Kim Whanki, a pioneer of abstract painting in South Korea, set a new milestone in Korean art history, with his largest painting sold at a record price at Christie’s autumn auction.
The painting, “05-IV-71 #200 (Universe)” (1971), sold for 88 million Hong Kong dollars ($11.2 million) – the highest auction price for a Korean artwork – at Christie’s auction held at the Hong Kong Convention and Exhibition Centre on Saturday.
Kim broke his previous record set in May 2018 when his red dot painting “3-Ⅱ-72 #220” fetched 8.53 billion won ($7.25 million) at the Seoul Auction’s Hong Kong sale. Nine of the 10 most highly auctioned artworks in Korea belong to Kim, with Lee Jung-seob’s “A Bull” ranking ninth.
The bidding for Universe started at HK$40 million but in less than 10 minutes shot up to more than double the amount. The winning bid was reportedly made by Song Ja-ho, collector and curator at M Contemporary Art Center in Seoul, who is said to have pooled funds from friends to keep the Korean abstract masterpiece at home. The final price, including commissions, is estimated to reach HK$102 million.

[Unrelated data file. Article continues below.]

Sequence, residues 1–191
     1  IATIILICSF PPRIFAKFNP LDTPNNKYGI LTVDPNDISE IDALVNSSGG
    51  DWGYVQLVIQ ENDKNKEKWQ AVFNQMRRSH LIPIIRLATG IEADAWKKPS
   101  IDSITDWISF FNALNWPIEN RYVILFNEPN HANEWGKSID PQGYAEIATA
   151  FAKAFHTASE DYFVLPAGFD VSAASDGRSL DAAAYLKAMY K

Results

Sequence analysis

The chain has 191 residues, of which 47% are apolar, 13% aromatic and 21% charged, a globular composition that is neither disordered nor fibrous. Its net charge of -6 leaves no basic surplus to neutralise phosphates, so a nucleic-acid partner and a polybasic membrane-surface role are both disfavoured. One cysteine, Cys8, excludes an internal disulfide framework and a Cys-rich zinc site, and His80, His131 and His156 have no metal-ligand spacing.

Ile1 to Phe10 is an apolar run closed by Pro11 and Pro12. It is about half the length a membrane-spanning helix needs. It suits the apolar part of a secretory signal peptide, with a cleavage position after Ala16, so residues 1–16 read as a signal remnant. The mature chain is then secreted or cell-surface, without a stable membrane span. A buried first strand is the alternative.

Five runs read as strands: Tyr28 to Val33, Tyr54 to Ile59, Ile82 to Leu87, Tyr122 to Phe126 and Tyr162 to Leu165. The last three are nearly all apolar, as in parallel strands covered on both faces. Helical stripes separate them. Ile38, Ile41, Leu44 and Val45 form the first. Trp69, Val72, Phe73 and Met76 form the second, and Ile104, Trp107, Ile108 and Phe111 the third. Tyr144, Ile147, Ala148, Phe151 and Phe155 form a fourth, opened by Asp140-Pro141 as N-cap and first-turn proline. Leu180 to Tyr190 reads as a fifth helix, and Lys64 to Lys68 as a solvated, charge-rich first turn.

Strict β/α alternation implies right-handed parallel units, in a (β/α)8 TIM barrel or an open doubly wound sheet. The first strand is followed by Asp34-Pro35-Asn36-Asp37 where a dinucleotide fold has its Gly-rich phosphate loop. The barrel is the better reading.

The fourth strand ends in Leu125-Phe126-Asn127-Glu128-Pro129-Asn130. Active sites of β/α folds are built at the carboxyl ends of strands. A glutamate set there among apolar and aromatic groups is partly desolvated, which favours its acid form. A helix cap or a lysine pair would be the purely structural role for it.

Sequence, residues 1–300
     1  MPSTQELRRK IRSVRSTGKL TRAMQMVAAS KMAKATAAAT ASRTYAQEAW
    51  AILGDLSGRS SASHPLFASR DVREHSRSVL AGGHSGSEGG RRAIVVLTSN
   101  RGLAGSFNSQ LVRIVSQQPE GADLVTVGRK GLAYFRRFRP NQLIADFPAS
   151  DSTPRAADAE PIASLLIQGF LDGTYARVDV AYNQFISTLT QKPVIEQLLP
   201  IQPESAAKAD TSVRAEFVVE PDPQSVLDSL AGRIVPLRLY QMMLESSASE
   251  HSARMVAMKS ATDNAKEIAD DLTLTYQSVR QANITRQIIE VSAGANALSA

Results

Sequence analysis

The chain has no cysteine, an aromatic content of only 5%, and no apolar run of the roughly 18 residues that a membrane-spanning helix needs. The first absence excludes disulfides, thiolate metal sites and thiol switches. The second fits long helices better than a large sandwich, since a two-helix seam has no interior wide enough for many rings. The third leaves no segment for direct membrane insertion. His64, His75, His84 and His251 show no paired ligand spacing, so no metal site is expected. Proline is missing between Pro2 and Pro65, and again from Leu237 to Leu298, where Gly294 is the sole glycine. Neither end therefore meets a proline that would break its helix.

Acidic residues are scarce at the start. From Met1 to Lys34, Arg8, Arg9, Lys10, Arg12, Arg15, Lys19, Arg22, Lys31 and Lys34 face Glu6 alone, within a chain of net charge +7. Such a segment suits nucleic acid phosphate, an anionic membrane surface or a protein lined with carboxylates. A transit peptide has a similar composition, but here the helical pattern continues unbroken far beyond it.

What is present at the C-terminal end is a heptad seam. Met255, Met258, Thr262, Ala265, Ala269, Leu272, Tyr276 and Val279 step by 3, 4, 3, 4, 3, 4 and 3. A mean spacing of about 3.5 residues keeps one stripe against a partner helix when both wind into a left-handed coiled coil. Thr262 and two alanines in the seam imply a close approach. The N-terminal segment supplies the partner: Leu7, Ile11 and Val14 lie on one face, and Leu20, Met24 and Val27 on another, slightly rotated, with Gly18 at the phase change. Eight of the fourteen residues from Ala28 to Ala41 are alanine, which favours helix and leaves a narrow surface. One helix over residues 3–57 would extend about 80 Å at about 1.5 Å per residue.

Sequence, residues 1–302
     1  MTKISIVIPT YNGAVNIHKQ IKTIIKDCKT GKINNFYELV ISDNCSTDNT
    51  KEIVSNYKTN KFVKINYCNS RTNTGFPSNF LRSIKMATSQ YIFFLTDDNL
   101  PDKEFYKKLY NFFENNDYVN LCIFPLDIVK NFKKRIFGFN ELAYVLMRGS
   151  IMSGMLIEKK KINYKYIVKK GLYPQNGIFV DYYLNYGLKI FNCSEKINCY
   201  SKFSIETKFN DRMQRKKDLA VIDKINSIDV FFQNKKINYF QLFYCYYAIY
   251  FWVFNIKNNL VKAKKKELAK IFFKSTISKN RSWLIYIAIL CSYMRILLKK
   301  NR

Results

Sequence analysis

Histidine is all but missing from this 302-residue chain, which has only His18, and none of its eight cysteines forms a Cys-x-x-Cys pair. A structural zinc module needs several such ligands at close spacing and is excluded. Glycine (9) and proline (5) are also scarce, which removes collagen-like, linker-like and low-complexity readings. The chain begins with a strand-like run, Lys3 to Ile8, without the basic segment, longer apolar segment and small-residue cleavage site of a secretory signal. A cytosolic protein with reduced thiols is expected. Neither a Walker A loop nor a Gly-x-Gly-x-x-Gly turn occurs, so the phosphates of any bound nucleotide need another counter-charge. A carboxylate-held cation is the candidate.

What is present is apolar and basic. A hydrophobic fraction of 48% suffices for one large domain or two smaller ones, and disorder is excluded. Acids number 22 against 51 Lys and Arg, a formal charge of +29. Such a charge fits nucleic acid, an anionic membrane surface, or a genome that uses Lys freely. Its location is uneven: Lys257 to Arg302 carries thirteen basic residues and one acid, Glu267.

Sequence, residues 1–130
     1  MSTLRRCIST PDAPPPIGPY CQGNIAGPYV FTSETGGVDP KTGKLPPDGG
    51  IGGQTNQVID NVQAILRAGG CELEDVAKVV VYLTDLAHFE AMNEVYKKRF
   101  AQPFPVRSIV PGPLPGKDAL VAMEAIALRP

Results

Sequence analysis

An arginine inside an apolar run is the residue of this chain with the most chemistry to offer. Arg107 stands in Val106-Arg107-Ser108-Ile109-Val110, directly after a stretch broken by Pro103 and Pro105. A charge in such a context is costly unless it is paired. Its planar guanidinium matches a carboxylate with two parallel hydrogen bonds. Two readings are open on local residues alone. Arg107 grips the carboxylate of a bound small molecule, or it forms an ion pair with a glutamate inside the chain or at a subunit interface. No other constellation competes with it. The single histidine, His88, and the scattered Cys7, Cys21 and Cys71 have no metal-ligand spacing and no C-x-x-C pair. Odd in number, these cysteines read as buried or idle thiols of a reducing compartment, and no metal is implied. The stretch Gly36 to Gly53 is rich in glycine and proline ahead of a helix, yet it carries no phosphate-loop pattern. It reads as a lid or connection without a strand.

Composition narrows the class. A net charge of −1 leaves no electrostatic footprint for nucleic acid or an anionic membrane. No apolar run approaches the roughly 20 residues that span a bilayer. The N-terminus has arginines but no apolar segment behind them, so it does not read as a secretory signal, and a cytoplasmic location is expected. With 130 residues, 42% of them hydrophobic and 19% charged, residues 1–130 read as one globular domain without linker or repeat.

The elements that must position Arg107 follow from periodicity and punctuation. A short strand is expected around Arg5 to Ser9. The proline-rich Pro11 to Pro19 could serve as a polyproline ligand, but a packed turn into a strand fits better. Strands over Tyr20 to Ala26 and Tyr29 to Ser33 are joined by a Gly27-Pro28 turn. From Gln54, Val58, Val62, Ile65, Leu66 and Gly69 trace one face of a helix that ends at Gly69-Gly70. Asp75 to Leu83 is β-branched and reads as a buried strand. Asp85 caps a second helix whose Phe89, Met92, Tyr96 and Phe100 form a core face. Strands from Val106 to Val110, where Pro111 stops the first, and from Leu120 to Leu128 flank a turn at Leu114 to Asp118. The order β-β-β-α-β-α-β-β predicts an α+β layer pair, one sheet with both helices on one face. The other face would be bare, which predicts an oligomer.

This record achievement is expected to further push Kim Whanki’s works to the mainstream global art market, said Christie’s.
By crossing the $10 million threshold, Kim has opened the way for more Korean artworks to gain recognition on the international stage, noted Lee Ok-kyoung, chief executive of Seoul Auction.
Universe is the only diptych that Kim has painted and his biggest work, spanning 254 centimeters in width and length. The two canvases express a duality – sun and moon, light and shadow, man and woman, yin and yang – underlying the core energies of the universe.
“Kim painted Universe during the height of his career when he was residing in New York from 1963 to 1974, making it a piece of both rarity and aesthetics,” said Park Mi-jeong, director of Whanki Art Museum. “He seems to have been inspired by the waters and skies of his hometown in Shinan and the broader universe, condensing them in the form of blue dots and circular patterns to express the essence of nature.”
Universe was first displayed in 1971 at Kim’s private exhibition in New York’s Pointdexter Gallery. It was later bought by his wife and doctor, who have held on to the work for the past 40 years. In 2004, they donated the painting to Whanki Art Museum in Seoul to allow more Koreans to enjoy the work.
By Jeon Ji-hyun and Kim Hyo-jin
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